Texas Living

Houseplant Hacks for Busy People

By Abi Grise Morgan 2.7.24

Are you struggling to keep your houseplants alive because you’re always on the go? Don’t scrap the idea of an indoor garden just yet. Houseplants can significantly impact your health, from ridding the air of toxins to reducing stress. By choosing low-maintenance varieties and clever watering aids, you’ll have a thriving indoor green space in no time.

Go With Low-Maintenance Plants

Some houseplants thrive on neglect. Succulents, for example, evolved to withstand long periods of drought in the desert. You can water them between once a week and once a month. In fact, it’s best to wait for the soil to become completely dry before watering again.

If you’re looking for a more vertical silhouette, try a snake plant. Snake plants have upright, sword-shaped leaves and are famously hardy. They grow even in low light conditions, and you can get away with watering every two weeks to once a month.

Are you hoping for a houseplant that vines? The pothos plant is a popular foliage-forward houseplant with shiny heart-shaped leaves that spill beautifully from baskets and shelves. Its nickname is “Devil’s Ivy” because it thrives in just about any condition. Low light? Infrequent waterings? No problem.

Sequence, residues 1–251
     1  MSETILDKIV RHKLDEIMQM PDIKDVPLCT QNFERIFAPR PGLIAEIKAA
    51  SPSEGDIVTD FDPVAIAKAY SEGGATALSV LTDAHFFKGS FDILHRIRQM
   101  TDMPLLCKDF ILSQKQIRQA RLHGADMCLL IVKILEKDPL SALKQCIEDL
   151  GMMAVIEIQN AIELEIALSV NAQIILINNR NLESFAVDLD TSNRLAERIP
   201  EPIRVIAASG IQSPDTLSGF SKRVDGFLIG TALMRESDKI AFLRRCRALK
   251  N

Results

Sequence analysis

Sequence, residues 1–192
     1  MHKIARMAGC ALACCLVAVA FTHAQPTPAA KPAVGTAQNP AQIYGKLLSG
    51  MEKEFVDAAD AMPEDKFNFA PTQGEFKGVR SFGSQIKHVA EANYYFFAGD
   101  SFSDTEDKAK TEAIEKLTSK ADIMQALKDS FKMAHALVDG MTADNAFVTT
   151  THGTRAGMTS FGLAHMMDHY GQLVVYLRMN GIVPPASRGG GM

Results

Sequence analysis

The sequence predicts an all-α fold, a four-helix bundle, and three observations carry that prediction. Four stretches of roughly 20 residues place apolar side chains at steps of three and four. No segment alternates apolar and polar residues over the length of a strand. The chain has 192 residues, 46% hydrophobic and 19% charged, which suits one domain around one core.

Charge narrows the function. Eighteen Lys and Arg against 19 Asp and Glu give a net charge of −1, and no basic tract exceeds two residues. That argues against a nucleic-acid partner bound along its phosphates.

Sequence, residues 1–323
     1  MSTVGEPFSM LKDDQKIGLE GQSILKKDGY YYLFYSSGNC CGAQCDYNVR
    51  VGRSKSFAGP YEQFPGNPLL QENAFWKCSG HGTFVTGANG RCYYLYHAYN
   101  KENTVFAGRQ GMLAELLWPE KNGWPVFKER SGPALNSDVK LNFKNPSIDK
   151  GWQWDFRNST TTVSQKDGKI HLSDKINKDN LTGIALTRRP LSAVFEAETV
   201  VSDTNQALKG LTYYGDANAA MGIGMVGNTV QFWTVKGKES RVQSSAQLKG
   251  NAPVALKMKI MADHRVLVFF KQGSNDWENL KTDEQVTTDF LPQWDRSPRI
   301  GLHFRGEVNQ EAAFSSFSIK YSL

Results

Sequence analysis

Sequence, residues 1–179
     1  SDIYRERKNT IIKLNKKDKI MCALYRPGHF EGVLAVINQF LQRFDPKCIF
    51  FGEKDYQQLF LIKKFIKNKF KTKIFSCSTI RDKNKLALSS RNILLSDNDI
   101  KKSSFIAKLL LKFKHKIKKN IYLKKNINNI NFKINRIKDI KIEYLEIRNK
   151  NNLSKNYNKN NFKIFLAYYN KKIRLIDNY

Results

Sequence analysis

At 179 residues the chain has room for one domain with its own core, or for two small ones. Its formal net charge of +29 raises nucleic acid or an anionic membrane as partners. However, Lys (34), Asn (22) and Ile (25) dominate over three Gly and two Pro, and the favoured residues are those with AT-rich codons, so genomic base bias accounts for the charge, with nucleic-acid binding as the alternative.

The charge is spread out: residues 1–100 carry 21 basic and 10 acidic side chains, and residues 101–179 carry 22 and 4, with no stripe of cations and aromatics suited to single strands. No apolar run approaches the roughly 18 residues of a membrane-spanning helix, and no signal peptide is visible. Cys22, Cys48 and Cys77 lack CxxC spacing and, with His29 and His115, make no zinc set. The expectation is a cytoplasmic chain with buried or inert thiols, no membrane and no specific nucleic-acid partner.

Use a Moisture Meter

Moisture meters are literal lifesavers, especially for those of us who tend to overwater and kill our plants with kindness. They’re sold online and at most hardware stores and garden centers. Simply insert the probe into the soil, and the meter displays the soil’s moisture level. Digital varieties can even send push notifications to your phone to let you know when it’s time to water your plant.

Stock Up on Self-Watering Pots

Self-watering pots are fantastic for people who travel. They hold a reservoir of water at the bottom of the pot to sustain the plant from its roots. They’re best for plants that thrive with consistently moist soil. (Save regular pots for your succulent garden.) All you have to do is refill the reservoir every one to two weeks, and your plant is nearly self-sufficient.

Grow Your Garden Skills

Once your low-maintenance indoor garden is thriving, you may want to step things up a notch with an herb garden. Herbs are usually easy to grow indoors, plus you’ll be able to use the fruits of your labor in the kitchen — just use a few simple tricks to keep pests from your indoor plants.

Learn your gardening zone to maximize the success of your outdoor spring garden. 

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